How does Excel feel about that?
? Mary Wollstonecraft Shelley, Frankenstein
Technology has brought great change to the way we work and live. For people who embrace change, it has provided opportunities. But humans, being what they are, sometimes don’t welcome change with open arms. We sometimes fear change, even fight against it.
It got me to thinking about technology and its capacity for emotional responses. I began to wonder, “Can technology fear its own obsolescence?” One case in particular has been on my mind; Excel. Much talk lately has centered on the possibility of Excel being replaced by Enterprise Performance Management (ERM) systems housed in the cloud. So I can’t help but ask, “How does Excel feel about that?”
If Excel had feelings, it might be upset to learn in a 2017 Wall Street Journal article finance chiefs were telling their staffs to stop using Excel.1 In the article CFOs from Adobe and P.F. Chang’s were intent on phasing out Excel in favor of cloud programs that could be integrated with other systems on one unified platform. “I don’t want financial planning people spending their time importing and exporting and manipulating data, I want them to focus on what is the data telling us,” said Adobe Finance Chief, Mark Garrett.
Ouch. That hurt. But then Accounting Today2 proclaimed in May 2018 that “Reports of Excel’s Death Are Greatly Exaggerated.” Author, Mike Whitmire, declared the “To Excel or Not” question, “a red herring.” Whitmire writes:
“Realistically, no one is getting rid of their Excel licenses, and every one of these solutions that promises to replace Excel has an “Export to Excel” button. Excel is powerful and endlessly customizable. There will always be something you can’t do in your ERP or EPM and you’ll want to do in a spreadsheet.”
Whitmire makes some persuading arguments in favor of keeping Excel. First, everyone knows how to use it. That is a definite plus. Second, it is highly transparent, giving accountants the chance to “look under the hood.” Finally, he debunks a 1998 University of Hawaii study that claimed as many as 97% of spreadsheets have errors. Plain wrong, is what he declares about the study.
The best case scenario, as Whitmire envisages it, is to use both Excel and specialized applications for what they are best at. Not to go and throw the baby out with the bath water so to speak. This seems like the sane, middle ground.
Yet there will probably be alarmists who shudder at findings like that of Adaptive Insights’ which shared results of a CFO survey with Accounting Today3. The survey asked CFOs, “What is the most important skill for new hires?” Just 5% said “Excel skills.” This was in stark contrast to what they said just two years before, when 78% ranked Excel proficiency as the important skill in their finance team.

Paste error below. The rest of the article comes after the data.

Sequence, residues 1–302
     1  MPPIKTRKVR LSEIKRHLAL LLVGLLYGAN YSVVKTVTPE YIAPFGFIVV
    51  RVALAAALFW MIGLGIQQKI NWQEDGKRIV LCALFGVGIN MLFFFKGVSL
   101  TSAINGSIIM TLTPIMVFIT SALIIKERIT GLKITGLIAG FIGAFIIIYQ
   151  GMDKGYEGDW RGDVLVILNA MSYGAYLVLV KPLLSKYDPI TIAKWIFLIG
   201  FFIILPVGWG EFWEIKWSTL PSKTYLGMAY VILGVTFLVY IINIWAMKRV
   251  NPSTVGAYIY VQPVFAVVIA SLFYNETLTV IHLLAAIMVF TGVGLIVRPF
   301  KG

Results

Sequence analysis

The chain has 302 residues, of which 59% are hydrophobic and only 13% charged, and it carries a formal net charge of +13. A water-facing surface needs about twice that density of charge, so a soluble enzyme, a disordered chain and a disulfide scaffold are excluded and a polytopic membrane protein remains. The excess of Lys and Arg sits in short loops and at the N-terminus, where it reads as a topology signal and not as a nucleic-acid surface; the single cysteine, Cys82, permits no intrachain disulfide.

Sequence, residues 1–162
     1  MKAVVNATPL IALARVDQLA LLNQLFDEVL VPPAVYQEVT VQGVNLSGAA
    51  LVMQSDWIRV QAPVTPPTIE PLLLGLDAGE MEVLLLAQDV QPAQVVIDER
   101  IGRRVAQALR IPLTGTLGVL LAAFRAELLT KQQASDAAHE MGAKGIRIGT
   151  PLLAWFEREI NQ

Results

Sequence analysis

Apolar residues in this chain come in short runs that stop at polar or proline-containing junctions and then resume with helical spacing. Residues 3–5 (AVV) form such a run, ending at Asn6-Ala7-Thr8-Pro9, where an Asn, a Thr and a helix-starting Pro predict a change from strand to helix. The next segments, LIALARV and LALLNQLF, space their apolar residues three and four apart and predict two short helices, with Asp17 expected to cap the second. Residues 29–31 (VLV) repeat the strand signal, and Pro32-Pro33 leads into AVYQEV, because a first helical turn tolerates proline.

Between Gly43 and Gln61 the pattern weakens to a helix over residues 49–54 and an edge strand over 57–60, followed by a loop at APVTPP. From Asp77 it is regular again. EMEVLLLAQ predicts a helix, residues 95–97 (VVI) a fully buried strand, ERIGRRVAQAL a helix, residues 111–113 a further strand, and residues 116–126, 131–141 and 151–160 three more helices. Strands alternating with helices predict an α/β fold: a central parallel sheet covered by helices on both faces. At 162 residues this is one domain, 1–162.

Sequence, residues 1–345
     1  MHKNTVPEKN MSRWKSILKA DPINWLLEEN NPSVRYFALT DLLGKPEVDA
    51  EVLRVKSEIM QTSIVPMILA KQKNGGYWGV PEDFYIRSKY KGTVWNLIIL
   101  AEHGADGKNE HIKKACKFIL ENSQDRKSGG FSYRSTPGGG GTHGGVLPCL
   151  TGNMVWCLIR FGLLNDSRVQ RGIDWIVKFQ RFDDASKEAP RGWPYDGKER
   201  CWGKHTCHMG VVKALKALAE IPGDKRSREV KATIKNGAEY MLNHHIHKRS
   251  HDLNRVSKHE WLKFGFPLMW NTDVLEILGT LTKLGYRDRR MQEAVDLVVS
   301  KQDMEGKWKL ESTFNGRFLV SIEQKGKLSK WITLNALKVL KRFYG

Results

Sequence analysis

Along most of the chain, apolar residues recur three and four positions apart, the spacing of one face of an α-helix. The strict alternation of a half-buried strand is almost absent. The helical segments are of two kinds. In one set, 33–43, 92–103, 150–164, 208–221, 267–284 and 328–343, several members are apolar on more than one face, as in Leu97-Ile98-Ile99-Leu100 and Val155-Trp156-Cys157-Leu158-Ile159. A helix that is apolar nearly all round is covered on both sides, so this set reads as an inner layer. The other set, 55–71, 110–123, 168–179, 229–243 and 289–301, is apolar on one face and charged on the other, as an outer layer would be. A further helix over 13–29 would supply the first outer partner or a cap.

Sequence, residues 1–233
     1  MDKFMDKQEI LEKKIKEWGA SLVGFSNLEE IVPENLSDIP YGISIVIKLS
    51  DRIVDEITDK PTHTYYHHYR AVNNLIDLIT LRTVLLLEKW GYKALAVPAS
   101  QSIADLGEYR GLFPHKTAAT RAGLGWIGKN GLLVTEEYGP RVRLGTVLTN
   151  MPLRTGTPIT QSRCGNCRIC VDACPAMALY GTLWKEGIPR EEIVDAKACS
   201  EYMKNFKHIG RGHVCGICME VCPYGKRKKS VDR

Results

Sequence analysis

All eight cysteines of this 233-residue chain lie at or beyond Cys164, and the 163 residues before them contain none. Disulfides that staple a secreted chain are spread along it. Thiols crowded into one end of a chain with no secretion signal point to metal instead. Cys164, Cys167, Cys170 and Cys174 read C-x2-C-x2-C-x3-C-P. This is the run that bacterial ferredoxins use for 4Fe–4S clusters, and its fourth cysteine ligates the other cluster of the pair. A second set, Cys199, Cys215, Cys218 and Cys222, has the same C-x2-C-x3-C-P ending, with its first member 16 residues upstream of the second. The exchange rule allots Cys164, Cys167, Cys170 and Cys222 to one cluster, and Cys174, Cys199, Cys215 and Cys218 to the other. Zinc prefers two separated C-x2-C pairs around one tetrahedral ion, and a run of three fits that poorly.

The ubiquity of Excel may make it function we take for granted. But there is widespread agreement that for Excel or any application to be useful, the person behind the wheel of it must know how to extract insights from the data. This is universally understood to be the holy grail of accounting and finance.
IMA® (Institute of Management Accountants), (along with the Association of Chartered Certified Accountants (ACCA), predicted how the advent of big data would usher in new competencies accounting and finance folks. In a 2015 paper, “Tomorrow’s Finance Enterprise,” IMA/ACCA opined that the finance function of the future would be “value centric and data driven.”
“Understanding how the business generates value is core to the future CFO role; in the push to drive sustainable return on enterprise assets, finance leaders need clarity on where growth will come from and where to allocate enterprise capital. But they can’t do this unless they get their hands on the right data. The CFO function has a critical future role to play in getting the enterprise data basics right as a starting point for better decision making.”
Just how CFOs get their hands on the right data is currently more art than science, but IMA’s Strategic Finance magazine features articles every month on technology and how to harness it to accomplish goals like this. For instance, the November 2017 article, “XBRL and The Cloud,” provides a primer on XBRL (eXtensible Business Reporting Language), the SEC’s filing program for corporate regulated financial statements, and how it could be used in conjunction with the cloud for internal reporting and decision analytics, such as the balanced scorecard, data mining/business intelligence, business process improvement driven by the Sarbanes-Oxley Act of 2002, and BPM (business performance management).
With the right data in hand, whether harnessed by Excel or a cloud-based solution, analysis becomes the focal point.
- ”Stop Using Excel, Finance Chiefs Tell Staffs,” The Wall Street Journal, November 29, 2017
- “Reports of Excel's death are greatly exaggerated,” Accounting Today, May 23, 2018
- “Excel on The Way Out?” Accounting Today, February 28, 2018